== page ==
Black Bear cubs #20-0468, #20-0469, and #20-0470

Admission Date: 
April 12, 2020
Release Date: 
May 7, 2021
Location of Rescue: 
Rockbridge County, VA
Cause of Admission / Condition: 
Orphaned; mother hit and killed by vehicle
Patient Status: 
Patient Archive
Released

At about 9:00 p.m. on Saturday, April 11, a Black Bear sow was hit and killed by a truck on I-64 in Rockbridge County. There were three cubs with her,  and the trucker called the state police. The cubs climbed about 50-60 feet up a nearby tree. 

A number of dedicated people stood watch over the cubs during the next 12 hours and ensured that help was on the way. State Troopers N.A. Combs and J.A. Paxton responded to the scene and checked on the cubs throughout the night and Sunday [Easter] morning. Several local bear hunters also responded to the scene to watch over the cubs and to organize a cherry picker to come and safely retrieve the cubs from the tree on the side of the interstate. BARC Electric sent a cherry picker on Easter morning, though the vehicle got stuck in the mud; Jimmy Southers of Auto Towing and Repair provided two wreckers to extract the cherry picker from the mud. The bear hunters attempted to pay both companies, but the drivers refused payment. DGIF Biologist Jaime Sajecki arrived at the scene and transported the cubs to the Wildlife Center. 

 

Jaime estimates that the sow was about six to seven years old, and was in good condition prior to being hit. 

Dr. Ernesto examined the three female cubs when they arrived at the Center and found them to be in good health. The cubs were weighed and ear-tagged, and joined "the cubs of 2020" in the Large Mammal Isolation enclosure: 

#20-0468: Pink Tag: 2.88 kg
#20-0469: Green Tag: 2.57 kg
#20-0470: Red Tag: 2.70 kg

Watch them on the Center's Critter Cam! 

Your donation will help provide special care to these cubs for the next year -- until they are old enough to be released in Spring 2021.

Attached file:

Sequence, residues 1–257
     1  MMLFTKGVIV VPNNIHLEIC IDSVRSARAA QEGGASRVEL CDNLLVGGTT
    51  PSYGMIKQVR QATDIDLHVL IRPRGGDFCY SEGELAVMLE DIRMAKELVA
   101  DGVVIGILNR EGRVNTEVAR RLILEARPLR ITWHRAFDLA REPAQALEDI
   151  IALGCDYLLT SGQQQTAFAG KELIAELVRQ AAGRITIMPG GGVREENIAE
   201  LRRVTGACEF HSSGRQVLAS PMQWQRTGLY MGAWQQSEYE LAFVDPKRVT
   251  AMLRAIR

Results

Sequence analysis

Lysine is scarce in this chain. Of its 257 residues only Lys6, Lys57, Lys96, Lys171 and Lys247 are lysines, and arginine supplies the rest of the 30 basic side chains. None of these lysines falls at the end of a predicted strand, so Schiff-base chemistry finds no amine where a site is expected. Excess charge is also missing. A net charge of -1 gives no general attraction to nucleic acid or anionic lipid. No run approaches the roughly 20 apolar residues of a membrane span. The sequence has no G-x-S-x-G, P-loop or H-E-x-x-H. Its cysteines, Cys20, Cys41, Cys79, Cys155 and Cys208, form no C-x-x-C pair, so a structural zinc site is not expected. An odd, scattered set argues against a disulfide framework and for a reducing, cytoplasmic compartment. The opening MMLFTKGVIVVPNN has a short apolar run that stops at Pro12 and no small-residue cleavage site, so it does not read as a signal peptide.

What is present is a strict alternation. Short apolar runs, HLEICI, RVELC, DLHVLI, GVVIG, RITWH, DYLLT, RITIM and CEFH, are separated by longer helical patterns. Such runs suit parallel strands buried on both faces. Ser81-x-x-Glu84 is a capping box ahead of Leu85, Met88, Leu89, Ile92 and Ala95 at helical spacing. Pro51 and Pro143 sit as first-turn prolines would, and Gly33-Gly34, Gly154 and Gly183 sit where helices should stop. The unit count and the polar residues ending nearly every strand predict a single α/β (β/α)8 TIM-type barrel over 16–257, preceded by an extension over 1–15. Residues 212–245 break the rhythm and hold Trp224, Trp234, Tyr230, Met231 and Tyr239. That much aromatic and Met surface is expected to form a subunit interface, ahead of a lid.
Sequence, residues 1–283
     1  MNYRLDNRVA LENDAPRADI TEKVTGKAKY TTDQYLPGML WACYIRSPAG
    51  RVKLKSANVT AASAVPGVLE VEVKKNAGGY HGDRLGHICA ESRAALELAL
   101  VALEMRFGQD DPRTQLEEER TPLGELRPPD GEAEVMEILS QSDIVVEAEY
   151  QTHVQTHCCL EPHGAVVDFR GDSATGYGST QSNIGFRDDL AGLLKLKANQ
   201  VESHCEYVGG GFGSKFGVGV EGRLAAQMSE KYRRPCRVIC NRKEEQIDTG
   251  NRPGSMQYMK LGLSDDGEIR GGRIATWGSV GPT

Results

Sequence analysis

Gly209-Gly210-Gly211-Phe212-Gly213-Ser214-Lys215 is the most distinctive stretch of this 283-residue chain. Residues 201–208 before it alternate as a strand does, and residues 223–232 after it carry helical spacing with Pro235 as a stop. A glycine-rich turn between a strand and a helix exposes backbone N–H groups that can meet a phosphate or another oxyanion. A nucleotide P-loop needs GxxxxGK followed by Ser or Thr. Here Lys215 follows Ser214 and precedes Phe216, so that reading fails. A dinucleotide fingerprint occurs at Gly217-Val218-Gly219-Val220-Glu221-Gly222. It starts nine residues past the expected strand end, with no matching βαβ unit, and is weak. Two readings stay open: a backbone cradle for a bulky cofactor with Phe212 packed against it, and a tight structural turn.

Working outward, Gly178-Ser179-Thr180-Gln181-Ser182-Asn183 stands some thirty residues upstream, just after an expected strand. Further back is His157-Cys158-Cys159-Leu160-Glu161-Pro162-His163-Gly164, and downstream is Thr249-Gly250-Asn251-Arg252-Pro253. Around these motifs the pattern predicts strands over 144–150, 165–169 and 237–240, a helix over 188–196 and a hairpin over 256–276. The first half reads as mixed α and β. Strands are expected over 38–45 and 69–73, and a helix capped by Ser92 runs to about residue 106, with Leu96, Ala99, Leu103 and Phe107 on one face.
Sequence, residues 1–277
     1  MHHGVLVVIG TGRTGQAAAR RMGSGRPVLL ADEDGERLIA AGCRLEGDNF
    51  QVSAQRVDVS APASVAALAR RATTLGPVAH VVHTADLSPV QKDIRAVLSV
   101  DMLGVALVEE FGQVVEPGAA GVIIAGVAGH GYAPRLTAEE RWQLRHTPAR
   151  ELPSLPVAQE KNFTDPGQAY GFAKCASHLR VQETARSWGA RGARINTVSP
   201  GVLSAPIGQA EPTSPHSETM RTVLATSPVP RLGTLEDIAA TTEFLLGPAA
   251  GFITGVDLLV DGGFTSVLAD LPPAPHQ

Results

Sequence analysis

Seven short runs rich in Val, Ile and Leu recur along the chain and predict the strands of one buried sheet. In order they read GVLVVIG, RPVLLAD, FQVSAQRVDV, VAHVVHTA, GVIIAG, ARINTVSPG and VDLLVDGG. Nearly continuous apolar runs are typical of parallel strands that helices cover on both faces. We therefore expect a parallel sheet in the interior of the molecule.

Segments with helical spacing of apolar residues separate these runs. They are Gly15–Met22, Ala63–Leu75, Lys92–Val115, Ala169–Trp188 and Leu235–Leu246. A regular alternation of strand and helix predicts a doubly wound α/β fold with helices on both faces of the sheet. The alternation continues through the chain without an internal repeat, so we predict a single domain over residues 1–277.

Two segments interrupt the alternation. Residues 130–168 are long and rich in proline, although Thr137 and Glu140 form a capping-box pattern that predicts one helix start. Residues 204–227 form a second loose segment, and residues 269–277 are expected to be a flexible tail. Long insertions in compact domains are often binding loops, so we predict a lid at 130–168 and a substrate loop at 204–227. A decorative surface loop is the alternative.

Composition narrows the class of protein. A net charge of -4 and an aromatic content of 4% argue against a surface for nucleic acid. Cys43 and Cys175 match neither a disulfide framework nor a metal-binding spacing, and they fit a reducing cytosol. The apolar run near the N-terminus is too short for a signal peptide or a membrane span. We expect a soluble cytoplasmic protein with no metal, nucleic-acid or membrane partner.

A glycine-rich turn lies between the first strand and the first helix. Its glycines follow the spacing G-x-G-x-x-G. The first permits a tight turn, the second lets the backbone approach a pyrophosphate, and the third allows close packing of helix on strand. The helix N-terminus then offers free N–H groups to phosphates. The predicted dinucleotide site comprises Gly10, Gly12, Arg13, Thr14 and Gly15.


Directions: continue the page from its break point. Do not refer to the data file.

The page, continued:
Updates

May 6, 2021

On Friday, May 7, the Wildlife Center released the last of the 2020 Black Bears! Orange/Yellow Tags, Yellow/Pink Tags, and Red Tag were darted, anesthetized, examined, weighed, ear-tagged, and loaded for release. Final weights were: 

Orange/Yellow: 44.50 kg 
Yellow/Pink: 31 kg 
Red: 34.90 kg 

A biologist with the Virginia Department of Wildlife Resources took the three bears to a safe, bear-friendly release location. The entire veterinary team is overjoyed to say goodbye to the "class of 2020" bears! 

April 30, 2021

The veterinarians and rehabilitators have been working hard during the past couple of days to prepare more bears for release. An ideal release scenario involves luring bears into one of the transition areas, spaces where the bears can be safely darted. While the transition areas are still fairly large, all trees are wrapped to prevent climbing, and these areas are more ideally suited for darting the bears. This year, unfortunately, the team has found that due to tree growth and regular wear-and-tear on the complex, several wily bears have been able to climb and leap over the transition-area fencing, back into the main bear yards. The remaining bears have also been increasingly wary of the number of humans in their space, and are often reluctant to even shift into one of the transition areas. 

The team decided that the best solution to this issue was to attempt to live-trap the bears in the complex and then quickly move the bear to the Large Mammal Isolation enclosure. At that point, a DWR biologist can be notified to pick up the bears the following morning, and the veterinary team is able to quickly and safely dart the bears for their normal pre-release examination and ear-tagging. 

Throughout the day on April 28, the veterinary team was able to trap and move four more Black Bears from the Black Bear Complex to the Large Mammal Isolation enclosure in preparation for release. Double GreenTags [from yard #1], Pink Tag, White/Yellow Tag, and Green Tag were all successfully moved, and on Thursday, April 29, were picked up for release by a DWR biologist. 

 

 

Pink Tag: 37.2 kg
White/Yellow Tag: 52.8 kg
Green Tag: 30.9 kg
Double Green [20-3590]: 24.50 kg 

This leaves three bears in the Black Bear Complex: Red Tag, Yellow/Pink Tags, and Orange/Yellow Tags. The staff will continue to live-trap the three bears during the next few days; when all three are successfully trapped and moved to the Large Mammal enclosure, a DWR biologist will pick them up for release next week. 

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